Usually, yes. But that kind of work is often delicate and very finicky, and sometimes I will suggest that it would be better for your nib if you send it to a professional nib technician who can do the work in his or her shop.
When you come to our table, sign up on the list first! Then look around, and you’ll find a rack of Pelikan M200s in a variety of colors. These are demonstrators, and they’re there for you to play with, to see what nib style might suit you. When your turn comes, I’ll probably ask you to write for me so I can see if I agree with whatever ideas you’ve developed. I won’t start grinding until we agree on what kind of nib I’m going to make for you.
If it just needs tuning or adjustment, it can be inked. (If it isn't, I'll fill it then and there.) If major repair is required, I’ll leave it inked or empty it out as appropriate. For grinding, it should be empty and dry; a racing stripe of ink across my magnifying visor is not helpful.
As noted above, I want to work with as many people as I can. To this end, we have to limit each person’s visit to a single pen. If you have more than one pen you want done, you can sign up again after I finish your first pen, and if there is time, I’ll see you later.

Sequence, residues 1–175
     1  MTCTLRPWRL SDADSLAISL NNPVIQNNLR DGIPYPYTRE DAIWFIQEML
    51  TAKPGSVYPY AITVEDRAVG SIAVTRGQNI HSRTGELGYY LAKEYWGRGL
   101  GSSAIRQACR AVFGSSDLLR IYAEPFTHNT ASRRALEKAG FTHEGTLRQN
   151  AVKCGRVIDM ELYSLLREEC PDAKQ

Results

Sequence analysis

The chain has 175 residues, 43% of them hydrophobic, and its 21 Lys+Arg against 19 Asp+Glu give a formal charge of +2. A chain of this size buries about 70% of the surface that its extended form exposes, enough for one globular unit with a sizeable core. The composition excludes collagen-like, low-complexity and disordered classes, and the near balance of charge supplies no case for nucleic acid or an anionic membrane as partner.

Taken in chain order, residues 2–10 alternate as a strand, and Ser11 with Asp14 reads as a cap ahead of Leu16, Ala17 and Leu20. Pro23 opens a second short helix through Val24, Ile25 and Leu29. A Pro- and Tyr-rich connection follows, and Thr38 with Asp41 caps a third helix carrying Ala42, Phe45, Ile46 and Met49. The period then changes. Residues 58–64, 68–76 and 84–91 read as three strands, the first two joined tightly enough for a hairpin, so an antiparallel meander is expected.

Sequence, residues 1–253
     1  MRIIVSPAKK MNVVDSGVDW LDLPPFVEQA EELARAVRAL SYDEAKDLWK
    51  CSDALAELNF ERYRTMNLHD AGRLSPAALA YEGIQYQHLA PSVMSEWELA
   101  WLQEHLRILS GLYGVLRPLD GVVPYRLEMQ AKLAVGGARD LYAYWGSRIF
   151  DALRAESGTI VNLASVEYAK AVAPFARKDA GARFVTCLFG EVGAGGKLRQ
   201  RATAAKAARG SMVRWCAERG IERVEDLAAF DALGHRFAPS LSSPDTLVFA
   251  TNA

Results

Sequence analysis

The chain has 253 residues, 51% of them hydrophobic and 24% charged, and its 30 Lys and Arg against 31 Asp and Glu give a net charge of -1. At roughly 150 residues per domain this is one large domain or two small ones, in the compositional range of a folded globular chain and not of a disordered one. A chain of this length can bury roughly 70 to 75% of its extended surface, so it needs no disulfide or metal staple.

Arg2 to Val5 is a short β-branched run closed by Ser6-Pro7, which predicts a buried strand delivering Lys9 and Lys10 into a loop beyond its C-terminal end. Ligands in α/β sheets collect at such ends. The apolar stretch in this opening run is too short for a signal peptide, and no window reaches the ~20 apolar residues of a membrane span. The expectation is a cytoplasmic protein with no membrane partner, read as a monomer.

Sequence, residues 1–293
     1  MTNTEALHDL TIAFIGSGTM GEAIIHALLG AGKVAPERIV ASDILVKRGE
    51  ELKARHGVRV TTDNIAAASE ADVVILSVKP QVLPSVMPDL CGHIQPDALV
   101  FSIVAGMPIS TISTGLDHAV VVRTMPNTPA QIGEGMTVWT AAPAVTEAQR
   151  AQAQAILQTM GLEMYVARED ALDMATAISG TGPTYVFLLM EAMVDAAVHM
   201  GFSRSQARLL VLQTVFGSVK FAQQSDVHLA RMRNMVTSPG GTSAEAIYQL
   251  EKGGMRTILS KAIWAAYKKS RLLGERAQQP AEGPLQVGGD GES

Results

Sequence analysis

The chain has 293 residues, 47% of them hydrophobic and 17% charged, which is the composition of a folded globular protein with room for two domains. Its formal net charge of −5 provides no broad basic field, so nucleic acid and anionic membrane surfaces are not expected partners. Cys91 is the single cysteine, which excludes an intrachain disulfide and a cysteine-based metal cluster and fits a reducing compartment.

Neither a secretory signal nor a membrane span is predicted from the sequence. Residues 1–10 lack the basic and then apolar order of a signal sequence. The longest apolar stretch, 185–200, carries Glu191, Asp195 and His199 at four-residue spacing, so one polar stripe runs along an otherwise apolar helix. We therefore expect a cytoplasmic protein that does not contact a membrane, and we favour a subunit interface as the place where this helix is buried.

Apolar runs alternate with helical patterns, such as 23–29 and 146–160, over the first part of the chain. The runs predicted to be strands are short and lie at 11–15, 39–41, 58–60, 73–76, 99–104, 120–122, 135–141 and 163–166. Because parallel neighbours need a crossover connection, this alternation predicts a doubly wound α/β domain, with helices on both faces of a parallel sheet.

Please note that I expect to spend 15–20 minutes on each pen. I won’t usually have time to triage a handful of pens for you or to help you decide which one you want me to work on. If you’re in this type of situation, and if you think Barbara and our demonstrator rack won’t be able to help you decide, it might be a good idea to send email to me before the show.
Based on past experience, we think I’ll have time to work with about two dozen people on a normal show day, doing one pen for each person. It usually takes 15–20 minutes per person, but the length of time varies from one pen to another, so we cannot be sure exactly how long you will have to wait. Any estimate we give you is only that. You might get in sooner than we say, or it might take much longer to get to you.
Unfortunately, sometimes it does happen that I don’t get to everyone on the list. What I’m offering is one-on-one time and skilled work, not merchandise. Each pen takes a finite amount of time, and although I want to work with as many people as possible, I’m not willing to sacrifice my best work in a mad quest to squeeze more people in.
If you want the nib merely tuned, leaving it filled is great because I fill every pen anyway for tuning. If you want it reground, then I prefer that it be empty because grinding a filled pen’s nib throws ink off in a circle, creating a racing stripe on everything around the grinding wheel — including my magnifying visor.
You’re welcome to watch, and of course I’ll want you to test the results to be sure I’m doing what you want. Beyond that, there’s the scintillating, fascinating and far-ranging repartee — like this entirely imaginary session that our friend Ian K. has kindly illustrated for us. I also have a nice little four-piece puzzle for you to solve — if you can.